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Rodríguez, A, Ruiz-Ramos, M, Palosuo, T, Carter, TR, Fronzek, S, Lorite, IJ, Ferrise, R, Pirttioja, N, Bindi, M, Baranowski, P, Buis, S, Cammarano, D, Chen, Y, Dumont, B, Ewert, F, Gaiser, T, Hlavinka, P, Hoffmann, H, Höhn, JG, Jurecka, F, Kersebaum, KC, Krzyszczak, J, Lana, M, Mechiche-Alami, A, Minet, J, Montesino, M, Nendel, C, Porter, JR, Ruget, F, Semenov, MA, Steinmetz, Z, Stratonovitch, P, Supit, I, Tao, F, Trnka, M, de Wit, A & Rötter, RP 2019, 'Implications of crop model ensemble size and composition for estimates of adaptation effects and agreement of recommendations', Agricultural and Forest Meteorology, vol. 264, pp. 351-362. https://doi.org/10.1016/j.agrformet.2018.09.018

Implications of crop model ensemble size and composition for estimates of adaptation effects and agreement of recommendations. / Rodríguez, A.; Ruiz-Ramos, M.; Palosuo, T.; Carter, T.R.; Fronzek, S.; Lorite, I.J.; Ferrise, R.; Pirttioja, N.; Bindi, M.; Baranowski, P.; Buis, S.; Cammarano, D.; Chen, Y.; Dumont, B.; Ewert, F.; Gaiser, T.; Hlavinka, P.; Hoffmann, H.; Höhn, J.G.; Jurecka, F.; Kersebaum, K.C.; Krzyszczak, J.; Lana, M.; Mechiche-Alami, A.; Minet, J.; Montesino, M.; Nendel, C.; Porter, J.R.; Ruget, F.; Semenov, M.A.; Steinmetz, Z.; Stratonovitch, P.; Supit, I.; Tao, F.; Trnka, M.; de Wit, A.; Rötter, R.P.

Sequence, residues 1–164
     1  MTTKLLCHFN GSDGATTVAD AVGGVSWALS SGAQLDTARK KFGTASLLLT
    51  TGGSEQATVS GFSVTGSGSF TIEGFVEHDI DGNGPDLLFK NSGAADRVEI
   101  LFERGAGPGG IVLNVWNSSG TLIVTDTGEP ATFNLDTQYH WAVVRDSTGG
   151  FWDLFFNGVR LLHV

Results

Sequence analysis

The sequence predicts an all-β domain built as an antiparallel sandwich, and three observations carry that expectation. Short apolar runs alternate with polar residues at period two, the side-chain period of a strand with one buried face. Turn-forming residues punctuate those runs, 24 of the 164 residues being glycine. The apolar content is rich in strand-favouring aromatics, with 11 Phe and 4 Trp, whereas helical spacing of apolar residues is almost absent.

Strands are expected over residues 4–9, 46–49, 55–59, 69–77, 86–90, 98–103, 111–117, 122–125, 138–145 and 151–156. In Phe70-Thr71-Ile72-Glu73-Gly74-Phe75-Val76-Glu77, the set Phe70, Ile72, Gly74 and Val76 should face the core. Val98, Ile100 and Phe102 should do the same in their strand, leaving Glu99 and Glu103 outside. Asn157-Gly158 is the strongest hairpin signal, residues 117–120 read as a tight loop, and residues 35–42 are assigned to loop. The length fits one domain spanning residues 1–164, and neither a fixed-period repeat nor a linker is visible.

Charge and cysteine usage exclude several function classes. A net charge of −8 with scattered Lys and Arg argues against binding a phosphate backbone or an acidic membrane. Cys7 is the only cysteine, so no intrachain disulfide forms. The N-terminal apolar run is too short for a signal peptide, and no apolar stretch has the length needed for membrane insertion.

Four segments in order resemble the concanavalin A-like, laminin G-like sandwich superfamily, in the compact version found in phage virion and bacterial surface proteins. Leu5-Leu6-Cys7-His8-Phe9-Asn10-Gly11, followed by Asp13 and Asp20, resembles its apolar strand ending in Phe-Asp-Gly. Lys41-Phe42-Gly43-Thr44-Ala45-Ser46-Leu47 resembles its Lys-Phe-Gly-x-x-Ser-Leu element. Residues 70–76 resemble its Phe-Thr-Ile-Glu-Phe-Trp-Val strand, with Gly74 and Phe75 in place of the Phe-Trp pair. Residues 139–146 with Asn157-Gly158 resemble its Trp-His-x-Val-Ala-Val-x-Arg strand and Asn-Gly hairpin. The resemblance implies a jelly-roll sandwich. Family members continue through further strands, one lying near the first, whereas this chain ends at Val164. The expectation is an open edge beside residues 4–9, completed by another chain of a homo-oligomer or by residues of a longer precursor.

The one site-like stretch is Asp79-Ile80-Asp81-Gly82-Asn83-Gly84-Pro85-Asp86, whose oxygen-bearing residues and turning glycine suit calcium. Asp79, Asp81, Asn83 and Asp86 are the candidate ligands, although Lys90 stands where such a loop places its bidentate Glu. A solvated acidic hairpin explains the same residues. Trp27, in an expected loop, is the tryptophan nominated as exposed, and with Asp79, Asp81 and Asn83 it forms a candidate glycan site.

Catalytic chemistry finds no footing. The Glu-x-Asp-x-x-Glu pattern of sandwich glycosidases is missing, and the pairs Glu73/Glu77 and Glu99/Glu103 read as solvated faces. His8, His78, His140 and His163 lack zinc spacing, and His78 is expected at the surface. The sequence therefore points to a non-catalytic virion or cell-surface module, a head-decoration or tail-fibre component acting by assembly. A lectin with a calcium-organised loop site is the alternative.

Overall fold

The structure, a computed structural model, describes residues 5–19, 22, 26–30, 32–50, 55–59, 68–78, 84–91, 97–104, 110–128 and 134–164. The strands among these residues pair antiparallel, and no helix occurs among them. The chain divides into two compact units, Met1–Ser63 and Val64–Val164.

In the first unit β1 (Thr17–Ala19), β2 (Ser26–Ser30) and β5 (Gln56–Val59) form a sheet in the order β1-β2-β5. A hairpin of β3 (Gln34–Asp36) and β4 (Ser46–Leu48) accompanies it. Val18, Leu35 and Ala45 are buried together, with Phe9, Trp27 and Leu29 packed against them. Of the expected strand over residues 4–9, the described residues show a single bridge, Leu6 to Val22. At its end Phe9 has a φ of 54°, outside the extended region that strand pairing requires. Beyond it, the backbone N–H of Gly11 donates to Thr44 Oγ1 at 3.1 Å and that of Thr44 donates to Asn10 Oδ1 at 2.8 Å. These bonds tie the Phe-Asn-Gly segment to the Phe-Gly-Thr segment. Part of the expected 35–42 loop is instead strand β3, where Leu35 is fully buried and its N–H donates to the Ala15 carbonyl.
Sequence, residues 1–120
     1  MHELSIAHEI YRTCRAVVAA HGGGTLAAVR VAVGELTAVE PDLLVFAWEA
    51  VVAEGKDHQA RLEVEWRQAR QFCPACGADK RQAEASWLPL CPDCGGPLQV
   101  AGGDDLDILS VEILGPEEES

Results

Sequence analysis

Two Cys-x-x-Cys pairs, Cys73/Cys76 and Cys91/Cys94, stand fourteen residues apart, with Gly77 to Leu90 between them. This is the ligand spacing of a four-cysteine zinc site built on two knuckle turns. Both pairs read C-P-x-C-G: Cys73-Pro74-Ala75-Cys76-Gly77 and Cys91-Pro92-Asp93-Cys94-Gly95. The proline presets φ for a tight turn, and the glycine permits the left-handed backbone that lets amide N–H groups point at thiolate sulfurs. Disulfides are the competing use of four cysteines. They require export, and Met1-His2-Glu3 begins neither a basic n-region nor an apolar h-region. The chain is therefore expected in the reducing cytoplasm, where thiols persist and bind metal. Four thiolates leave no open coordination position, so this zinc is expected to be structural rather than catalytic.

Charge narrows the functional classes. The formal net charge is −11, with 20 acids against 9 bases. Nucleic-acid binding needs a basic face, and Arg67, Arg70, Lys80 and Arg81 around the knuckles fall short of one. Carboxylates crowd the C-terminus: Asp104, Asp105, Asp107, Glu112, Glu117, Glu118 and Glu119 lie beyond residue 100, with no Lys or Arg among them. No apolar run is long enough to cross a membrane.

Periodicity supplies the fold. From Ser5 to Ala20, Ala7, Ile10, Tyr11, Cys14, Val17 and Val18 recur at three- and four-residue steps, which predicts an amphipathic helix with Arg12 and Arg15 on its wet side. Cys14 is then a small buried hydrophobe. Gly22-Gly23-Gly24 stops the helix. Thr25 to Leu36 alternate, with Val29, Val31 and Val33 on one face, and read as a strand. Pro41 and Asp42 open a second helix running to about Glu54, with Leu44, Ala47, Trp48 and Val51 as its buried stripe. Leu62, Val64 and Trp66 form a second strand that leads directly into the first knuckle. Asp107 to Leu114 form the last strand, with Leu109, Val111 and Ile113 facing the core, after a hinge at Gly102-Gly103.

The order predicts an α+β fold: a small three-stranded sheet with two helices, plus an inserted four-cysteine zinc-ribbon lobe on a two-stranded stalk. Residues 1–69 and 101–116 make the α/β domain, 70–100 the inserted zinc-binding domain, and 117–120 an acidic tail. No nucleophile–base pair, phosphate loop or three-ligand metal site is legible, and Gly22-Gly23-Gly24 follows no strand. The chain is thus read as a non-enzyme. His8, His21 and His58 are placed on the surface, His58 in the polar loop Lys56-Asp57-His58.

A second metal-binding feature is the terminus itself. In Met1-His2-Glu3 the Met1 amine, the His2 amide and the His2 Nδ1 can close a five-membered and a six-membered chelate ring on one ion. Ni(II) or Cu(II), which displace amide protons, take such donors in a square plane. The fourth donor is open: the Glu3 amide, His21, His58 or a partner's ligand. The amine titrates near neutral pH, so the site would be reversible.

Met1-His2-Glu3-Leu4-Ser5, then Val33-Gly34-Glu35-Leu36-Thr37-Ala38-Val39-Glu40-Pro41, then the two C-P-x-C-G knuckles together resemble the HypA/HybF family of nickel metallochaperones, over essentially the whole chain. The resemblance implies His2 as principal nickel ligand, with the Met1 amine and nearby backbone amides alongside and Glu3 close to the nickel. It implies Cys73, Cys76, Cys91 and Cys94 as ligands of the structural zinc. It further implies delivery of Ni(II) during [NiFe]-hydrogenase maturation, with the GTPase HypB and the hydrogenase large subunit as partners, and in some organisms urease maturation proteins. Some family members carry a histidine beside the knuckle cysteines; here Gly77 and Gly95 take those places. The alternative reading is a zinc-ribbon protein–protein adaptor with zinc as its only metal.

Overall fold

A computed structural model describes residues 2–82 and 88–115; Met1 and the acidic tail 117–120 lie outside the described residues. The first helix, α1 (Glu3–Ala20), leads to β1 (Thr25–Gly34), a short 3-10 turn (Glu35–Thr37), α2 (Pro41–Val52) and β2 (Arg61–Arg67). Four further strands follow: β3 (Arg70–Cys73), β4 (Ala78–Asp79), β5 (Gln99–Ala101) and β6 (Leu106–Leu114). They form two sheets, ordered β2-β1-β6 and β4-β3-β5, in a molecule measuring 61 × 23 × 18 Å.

In: Agricultural and Forest Meteorology, Vol. 264, 15.01.2019, p. 351-362.

Research output: Contribution to journalArticleAcademicpeer-review

TY - JOUR

T1 - Implications of crop model ensemble size and composition for estimates of adaptation effects and agreement of recommendations

AU - Rodríguez, A.

AU - Ruiz-Ramos, M.

AU - Palosuo, T.

AU - Carter, T.R.

AU - Fronzek, S.

AU - Lorite, I.J.

AU - Ferrise, R.

AU - Pirttioja, N.

AU - Bindi, M.

AU - Baranowski, P.

AU - Buis, S.

AU - Cammarano, D.

AU - Chen, Y.

AU - Dumont, B.

AU - Ewert, F.

AU - Gaiser, T.

AU - Hlavinka, P.

AU - Hoffmann, H.

AU - Höhn, J.G.

AU - Jurecka, F.

AU - Kersebaum, K.C.

AU - Krzyszczak, J.

AU - Lana, M.

AU - Mechiche-Alami, A.

AU - Minet, J.

AU - Montesino, M.

AU - Nendel, C.

AU - Porter, J.R.

AU - Ruget, F.

AU - Semenov, M.A.

AU - Steinmetz, Z.

AU - Stratonovitch, P.

AU - Supit, I.

AU - Tao, F.

AU - Trnka, M.

AU - de Wit, A.

AU - Rötter, R.P.

PY - 2019/1/15

Y1 - 2019/1/15